Growing up, it didn’t sink in for Dave the significance of his dad’s dedication and service to his country. But now that he has gotten older, he appreciates that his dad was an important part of this changing period in history.
“When I stop and think what he did, the commitment that he and other young people made to sign on the dotted line and go off to war, I couldn’t imagine making that commitment at 17,” Hershman said. “Nowadays, guys who serve on the other side of the world can call on their cell phones. That was unheard of back then. You wrote a letter to your family, and it didn’t get to them for a couple of months.”
John didn’t talk often about his time during the war, but when he did, he always spoke fondly of his time in the South Pacific.
“He liked that kind of tropical climate, sandy beaches, cute girls, and all that,” Hershman said. “When the musical South Pacific came out, he really identified with that because it was just a different world than what he was used to growing up.”
Now, 77 years after World War II, John received a special “thank you” for his service, with his family by his side. What made it even better was the pinning ceremony took place on John’s 97th birthday and turned out to be a big surprise.
“We didn’t tell him beforehand because we thought it would be more a highlight and would give him a little extra celebration for his birthday,” Hershman said.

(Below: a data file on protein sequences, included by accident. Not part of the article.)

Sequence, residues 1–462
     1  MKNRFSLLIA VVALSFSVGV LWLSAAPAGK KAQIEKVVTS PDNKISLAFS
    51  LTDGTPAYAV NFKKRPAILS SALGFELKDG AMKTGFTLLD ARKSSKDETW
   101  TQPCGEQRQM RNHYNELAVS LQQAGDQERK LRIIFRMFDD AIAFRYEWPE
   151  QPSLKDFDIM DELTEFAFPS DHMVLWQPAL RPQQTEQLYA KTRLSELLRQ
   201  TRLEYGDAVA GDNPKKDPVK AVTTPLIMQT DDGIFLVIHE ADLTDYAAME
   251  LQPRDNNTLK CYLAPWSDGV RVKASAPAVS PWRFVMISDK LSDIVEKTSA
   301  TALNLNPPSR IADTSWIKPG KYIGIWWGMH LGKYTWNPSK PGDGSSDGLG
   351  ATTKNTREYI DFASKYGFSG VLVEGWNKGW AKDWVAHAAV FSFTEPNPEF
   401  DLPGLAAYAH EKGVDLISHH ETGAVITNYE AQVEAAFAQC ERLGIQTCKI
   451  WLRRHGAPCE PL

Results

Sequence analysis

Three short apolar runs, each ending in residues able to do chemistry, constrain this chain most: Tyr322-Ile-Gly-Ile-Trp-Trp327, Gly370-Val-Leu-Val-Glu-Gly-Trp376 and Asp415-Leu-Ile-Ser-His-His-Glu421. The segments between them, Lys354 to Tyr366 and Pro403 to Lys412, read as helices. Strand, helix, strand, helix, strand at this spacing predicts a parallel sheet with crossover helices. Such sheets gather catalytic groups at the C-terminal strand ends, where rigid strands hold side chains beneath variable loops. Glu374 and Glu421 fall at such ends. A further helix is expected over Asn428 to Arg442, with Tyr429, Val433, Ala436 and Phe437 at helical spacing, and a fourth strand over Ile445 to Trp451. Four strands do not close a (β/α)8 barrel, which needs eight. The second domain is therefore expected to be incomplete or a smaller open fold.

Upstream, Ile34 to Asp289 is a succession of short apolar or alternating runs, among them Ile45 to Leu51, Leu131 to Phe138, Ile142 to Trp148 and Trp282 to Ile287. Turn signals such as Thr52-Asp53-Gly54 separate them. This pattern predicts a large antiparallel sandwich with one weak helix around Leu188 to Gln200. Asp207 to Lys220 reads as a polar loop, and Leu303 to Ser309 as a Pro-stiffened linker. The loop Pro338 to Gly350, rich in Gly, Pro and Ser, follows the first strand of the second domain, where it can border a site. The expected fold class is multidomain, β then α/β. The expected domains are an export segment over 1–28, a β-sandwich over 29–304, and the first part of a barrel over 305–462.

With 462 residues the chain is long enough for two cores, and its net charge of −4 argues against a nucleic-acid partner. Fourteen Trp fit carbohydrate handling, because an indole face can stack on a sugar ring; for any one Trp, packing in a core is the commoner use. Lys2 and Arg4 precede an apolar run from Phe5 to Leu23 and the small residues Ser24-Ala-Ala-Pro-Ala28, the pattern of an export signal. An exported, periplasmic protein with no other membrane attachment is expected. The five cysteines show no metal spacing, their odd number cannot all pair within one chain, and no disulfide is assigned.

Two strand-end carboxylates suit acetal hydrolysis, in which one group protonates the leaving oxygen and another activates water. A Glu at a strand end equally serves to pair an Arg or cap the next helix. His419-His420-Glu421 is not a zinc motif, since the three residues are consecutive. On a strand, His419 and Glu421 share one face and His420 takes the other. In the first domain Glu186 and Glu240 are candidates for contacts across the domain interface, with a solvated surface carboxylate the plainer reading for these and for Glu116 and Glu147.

Unfortunately, John’s wife, Ann, couldn’t be there for the ceremony, as she passed away after a long courageous battle with Parkinson’s disease in September 2011 and his daughter Teresa died unexpectedly in December 2007. But the Hershman family now has pictures of both Juan and Robby presenting John with a veteran certificate and a Navy-themed tie blanket, made by Rainbow Hospice Care volunteers, along with some meaningful memories from that day. These are keepsakes that the family will treasure forever and are thankful for the Rainbow Hospice Care volunteers from the American Legion.
“They did a wonderful job, and they knew how to speak to him,” Hershman said. “Knowing how old he is and that he might have forgotten things, they were very understanding and great with the way they handled it.”
As more veterans continue to pass away, it’s becoming even more important to remember their brave service, the ultimate sacrifice they made, and preserve their memories. From the beaches of Normandy to the jungles of Vietnam, to the deserts of the Middle East, their stories, many untold, can live on in future generations and educate us about their time in the military, or they could end up being lost forever.
“The people who are the Greatest Generation, the World War II generation, they certainly need to be honored for their deep commitment,” Hershman said. “It had to be an overwhelming sense of patriotism and need for your country, to cut yourself off from your family at a young age is such a remarkable thing and the older I get, the more I feel the need to honor all the people who have done that for the country.”
Rainbow Hospice Care has been a proud partner of We Honors Veterans, a program of the National Hospice and Palliative Care Organization in collaboration with the Department of Veterans Affairs, since 2014. Its focus is to increase awareness, improve the quality of care for veterans in our communities, and honor those who have served when they reach the end of life.